Solution
We first use the random numbers to simulate the states of the economy Δ, followed by the simulation of the states of the three different industries Δ
_{1}, Δ
_{2}, and Δ
_{3}. This allows us to compute the stock prices. All of these computations are shown in Table
14.16.
Table 14.16 Simulation of stock prices

Strategy 1: Leaving the entire amount of $1,000,000 in the shortterm account for 10 weeks will net us $1,001,000.45, or a 0.1 % gain.

Strategy 2: In week 1, none of the stocks has increased by at least 2 %, so that we keep our entire amount in the shortterm account. By the end of week 2, we have $1,000,200.01. Since Stock 2 increases by 3 % in week 2, we purchase it with half of the available money, i.e., $500,100. At the price of $61.38 a share, we obtain 8,147.6051 shares. The first time we can realize a gain is at the end of week 8, at which point we sell the shares at $61.99 a share for a total of $505,070.04. This money is kept in the shortterm account for 2 weeks, resulting in a payoff at the end of week 10 in $505,171.06. The remaining $500,100 that were not invested in week 2 will remain in the shortterm account, resulting in $504,114.83 for a total of $1,009,285.89 or an increase of 0.929 %.

Strategy 3: By the end of week 1, Stock 3 has declined in value, which leads the investor to invest half of the available money in that stock. The $1,000,000 has appreciated due to its investment in the shortterm account for 1 week, so that 1,000,100 are available, half of which ($500,050) are invested in Stock 3. Each share costs $101.97, so that 4,903.8933 shares are purchased. Since the shares will never exceed that value again during the 10 weeks, they will not be sold.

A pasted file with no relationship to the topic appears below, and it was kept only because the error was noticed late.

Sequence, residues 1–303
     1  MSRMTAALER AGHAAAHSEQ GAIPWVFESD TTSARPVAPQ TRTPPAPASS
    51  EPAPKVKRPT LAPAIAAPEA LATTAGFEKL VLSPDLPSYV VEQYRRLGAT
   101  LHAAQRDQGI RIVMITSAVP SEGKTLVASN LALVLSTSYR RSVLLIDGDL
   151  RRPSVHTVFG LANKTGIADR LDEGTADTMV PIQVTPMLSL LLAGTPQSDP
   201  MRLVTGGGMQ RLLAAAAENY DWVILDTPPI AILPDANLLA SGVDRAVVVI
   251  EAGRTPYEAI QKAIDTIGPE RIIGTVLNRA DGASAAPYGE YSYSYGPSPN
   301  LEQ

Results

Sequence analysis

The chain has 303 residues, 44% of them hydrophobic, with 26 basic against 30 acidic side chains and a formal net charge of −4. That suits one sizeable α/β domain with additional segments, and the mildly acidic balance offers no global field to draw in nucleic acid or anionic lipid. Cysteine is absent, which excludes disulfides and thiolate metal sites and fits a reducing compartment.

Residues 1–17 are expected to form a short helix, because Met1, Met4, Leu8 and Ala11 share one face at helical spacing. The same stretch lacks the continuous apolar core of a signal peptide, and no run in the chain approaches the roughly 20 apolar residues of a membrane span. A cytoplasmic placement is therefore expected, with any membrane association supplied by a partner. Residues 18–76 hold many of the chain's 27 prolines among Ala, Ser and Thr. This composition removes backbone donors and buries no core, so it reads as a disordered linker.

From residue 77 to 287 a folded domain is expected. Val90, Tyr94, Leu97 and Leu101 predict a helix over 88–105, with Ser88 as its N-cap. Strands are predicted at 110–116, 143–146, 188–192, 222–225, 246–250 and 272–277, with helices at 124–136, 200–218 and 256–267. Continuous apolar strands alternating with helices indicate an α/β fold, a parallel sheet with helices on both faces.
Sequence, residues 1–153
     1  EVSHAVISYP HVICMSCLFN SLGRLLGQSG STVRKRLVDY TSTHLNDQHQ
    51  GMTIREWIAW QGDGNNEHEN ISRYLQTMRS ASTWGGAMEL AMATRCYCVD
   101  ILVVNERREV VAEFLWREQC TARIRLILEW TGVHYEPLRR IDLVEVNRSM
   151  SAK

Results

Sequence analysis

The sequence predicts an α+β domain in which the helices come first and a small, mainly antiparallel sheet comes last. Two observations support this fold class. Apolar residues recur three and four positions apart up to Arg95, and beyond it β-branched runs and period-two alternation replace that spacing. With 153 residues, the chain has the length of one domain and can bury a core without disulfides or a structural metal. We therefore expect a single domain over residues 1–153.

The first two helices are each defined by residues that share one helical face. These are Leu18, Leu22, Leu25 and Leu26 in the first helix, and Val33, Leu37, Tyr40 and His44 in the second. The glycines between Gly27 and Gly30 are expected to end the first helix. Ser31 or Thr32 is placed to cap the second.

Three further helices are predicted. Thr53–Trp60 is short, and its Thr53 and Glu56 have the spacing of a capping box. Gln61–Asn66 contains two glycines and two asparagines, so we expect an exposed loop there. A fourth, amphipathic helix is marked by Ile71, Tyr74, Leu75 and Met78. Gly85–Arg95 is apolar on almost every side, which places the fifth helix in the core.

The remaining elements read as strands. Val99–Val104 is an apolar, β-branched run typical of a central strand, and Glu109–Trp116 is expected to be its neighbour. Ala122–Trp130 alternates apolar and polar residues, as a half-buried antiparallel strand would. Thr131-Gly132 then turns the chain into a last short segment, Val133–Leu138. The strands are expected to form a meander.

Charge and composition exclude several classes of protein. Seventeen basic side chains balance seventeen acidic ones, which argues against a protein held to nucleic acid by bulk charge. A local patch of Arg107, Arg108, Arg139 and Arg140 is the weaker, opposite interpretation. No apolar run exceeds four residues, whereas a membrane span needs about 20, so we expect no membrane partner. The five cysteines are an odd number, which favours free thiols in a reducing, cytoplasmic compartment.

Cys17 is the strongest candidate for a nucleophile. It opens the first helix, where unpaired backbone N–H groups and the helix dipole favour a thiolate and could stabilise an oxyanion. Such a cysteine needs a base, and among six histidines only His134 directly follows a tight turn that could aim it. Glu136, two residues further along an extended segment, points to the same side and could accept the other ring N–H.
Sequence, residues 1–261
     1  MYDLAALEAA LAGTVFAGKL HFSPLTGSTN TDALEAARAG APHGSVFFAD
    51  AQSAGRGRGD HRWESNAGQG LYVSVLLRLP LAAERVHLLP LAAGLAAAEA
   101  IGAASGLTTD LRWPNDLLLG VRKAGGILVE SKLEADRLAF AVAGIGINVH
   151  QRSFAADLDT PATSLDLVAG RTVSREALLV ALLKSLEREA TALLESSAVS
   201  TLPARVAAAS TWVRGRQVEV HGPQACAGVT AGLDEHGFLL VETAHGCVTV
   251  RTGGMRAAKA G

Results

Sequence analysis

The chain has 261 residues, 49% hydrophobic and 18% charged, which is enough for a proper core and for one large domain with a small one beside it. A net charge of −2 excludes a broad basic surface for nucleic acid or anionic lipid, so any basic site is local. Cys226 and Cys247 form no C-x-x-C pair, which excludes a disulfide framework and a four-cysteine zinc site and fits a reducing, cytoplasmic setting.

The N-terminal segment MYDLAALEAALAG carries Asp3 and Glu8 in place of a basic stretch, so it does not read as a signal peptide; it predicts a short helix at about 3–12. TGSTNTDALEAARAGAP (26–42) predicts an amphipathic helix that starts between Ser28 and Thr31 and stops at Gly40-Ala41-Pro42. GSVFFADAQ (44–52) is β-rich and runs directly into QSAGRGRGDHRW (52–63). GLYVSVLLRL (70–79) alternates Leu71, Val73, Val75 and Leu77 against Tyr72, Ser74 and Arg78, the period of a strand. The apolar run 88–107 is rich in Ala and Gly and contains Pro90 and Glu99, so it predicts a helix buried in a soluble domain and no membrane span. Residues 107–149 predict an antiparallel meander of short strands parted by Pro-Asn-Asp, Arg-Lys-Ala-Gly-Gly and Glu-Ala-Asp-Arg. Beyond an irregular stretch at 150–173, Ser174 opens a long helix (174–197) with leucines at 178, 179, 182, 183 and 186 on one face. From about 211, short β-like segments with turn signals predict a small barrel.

The remaining $500,050 are left in the shortterm account for 2 weeks until the end of Week 3, when they have appreciated to $500,150.02. As Stocks 1 and 2 decreased in value in Week 3, half of the available amount is invested in each. (Note, by the way, that Stock 3 decreased in Week 2, but since we still hold shares of that stock, we do not invest in it again). The sum of $250,075.01 is invested in Stock 1, which costs $16.66 per share, so that we obtain 15,010.5048 shares. We hold them until the end of Week 8, when their price increases to $16.83, which gives us $252,626.80.
Back to the end of Week 3, we invested $250,075.01 in Stock 2 at $60.77 a share, so that we obtain 4,115.1063 shares. We sell these shares at the end of week 5 for $61.38 each, resulting in $252,585.22. We hold this money in the shortterm account until the end of Week 8, when the investment in Stock 1 is liquidated. By that time, we have $505,212.02. Since none of the stocks declined in Week 8, we hold the amount in the shortterm account for a week, resulting in $505,262.54. We are now at the end of Week 9. During Week 9, we observed all stocks declining. As we still hold Stock 3, we cannot invest in it, so that we invest the entire remaining money in Stocks 1 and 2 in equal parts. For the 252,631.27 invested in Stock 1, we obtain 15,163.9418 shares, while for the same amount invested in Stock 2, we obtain 4,116.5271 shares of Stock 2.
Since none of the stock prices increases during Week 10, the account by the end of the planning period consists of 15,163.9418 shares of Stock 1, 4,116.5271 shares of Stock 2, and 4,903.8933 shares of Stock 3. The total value of the portfolio is thus $982,989.70, for a loss of 1.7 %.
Comparing the three strategies, it appears that the second investment strategy is best.